• Don’t panic! You don't need to kill yourself in the gym; you only need to set up an exercise routine that you can follow each week. Start slow with easily achievable goals. If you see results early on, you are far more likely to stick with it long-term. As time goes on, try gradually increasing time and intensity; this way, you will continue to see results. Choosing activities that you enjoy can help keep you motivated. Ask a friend or a family member to be your “exercise buddy.” It will hold you accountable and keep you motivated. Making it social gives another motivating factor and it could be fun. Try to aim for a minimum of 30 minutes daily.

 

  • Other health conditions: High blood pressure (hypertension), low levels of high-density lipoprotein (HDL), cholesterol (the "good" cholesterol) and high triglycerides.

 

  • History of gestational diabetes

 

  • Race/ Ethnicity (African-Americans, Hispanic Americans, Native Americans, and Asian Americans are more at risk).

 

  • Polycystic ovary syndrome (irregular menstrual periods, excess hair growth and obesity) increases women's risk of prediabetes.

 

Pre-diabetes is a classification of related conditions based on how it is diagnosed: (1) Impaired fasting glucose (IFG) which means that your blood sugar is elevated even if you haven't eaten for a long period of time; (2) Impaired glucose tolerance (IGT) when your blood sugar levels reach a surprisingly high level after you eat foods or drinks containing sugars or insulin resistance. Some people can have both IFG and IGT. But in all pre-diabetes conditions your body needs to make extra insulin to keep your blood sugar levels near to normal.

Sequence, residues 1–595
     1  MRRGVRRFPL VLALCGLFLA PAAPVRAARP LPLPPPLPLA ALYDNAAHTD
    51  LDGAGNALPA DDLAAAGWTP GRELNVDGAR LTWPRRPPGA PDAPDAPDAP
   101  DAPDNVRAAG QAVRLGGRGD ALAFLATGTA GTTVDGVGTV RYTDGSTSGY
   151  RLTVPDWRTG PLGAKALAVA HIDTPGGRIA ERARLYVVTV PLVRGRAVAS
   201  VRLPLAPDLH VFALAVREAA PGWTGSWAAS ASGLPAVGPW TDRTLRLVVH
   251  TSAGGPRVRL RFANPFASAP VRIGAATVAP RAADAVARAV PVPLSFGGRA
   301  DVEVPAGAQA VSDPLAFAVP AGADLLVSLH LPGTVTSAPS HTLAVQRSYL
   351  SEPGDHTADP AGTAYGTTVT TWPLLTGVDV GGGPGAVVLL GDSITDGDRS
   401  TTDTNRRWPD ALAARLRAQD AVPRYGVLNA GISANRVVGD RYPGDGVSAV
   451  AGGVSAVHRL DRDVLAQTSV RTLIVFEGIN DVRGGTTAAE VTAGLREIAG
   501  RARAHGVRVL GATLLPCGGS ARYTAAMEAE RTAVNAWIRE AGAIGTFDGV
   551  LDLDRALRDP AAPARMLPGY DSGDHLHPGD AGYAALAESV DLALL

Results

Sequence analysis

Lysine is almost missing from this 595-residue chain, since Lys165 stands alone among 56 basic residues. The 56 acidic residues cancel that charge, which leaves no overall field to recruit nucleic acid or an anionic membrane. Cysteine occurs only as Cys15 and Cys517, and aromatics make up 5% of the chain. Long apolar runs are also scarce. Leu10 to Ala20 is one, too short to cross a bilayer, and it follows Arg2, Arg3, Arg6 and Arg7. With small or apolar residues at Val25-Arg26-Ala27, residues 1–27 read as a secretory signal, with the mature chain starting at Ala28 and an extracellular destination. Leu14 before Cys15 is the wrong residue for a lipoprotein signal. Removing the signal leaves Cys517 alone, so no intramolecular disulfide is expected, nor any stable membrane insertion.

Nearly 50% of people with pre-diabetes will develop type 2 diabetes. This is why pre-diabetes is considered an “early alert system” warning for type 2 diabetes. Pre-diabetes should serve as a BIG wake-up call telling you to smarten up and change to protect your future. Pre-diabetes is called a "silent" condition because it usually has no overt symptoms (some people develop darkened skin on certain parts of their body (neck, armpits, elbows, knees and knuckles) but often it is already too late by this time. Pre-diabetes should always be treated to prevent diabetes from setting in. If you are over 45 and have any of the above risk factors it is best to have annual glucose tests (A1C test) to detect blood sugar tolerance.

 

There are simple lifestyle modifications that can help you keep your blood sugar in check

 

  • Lose weight (even a small percentage will make a huge difference)

  • Improve the health of your diet

    • eliminate all refined sugars and starches (a good rule of thumb is to avoid foods containing white carbohydrates; sugar, flour, rice, etc)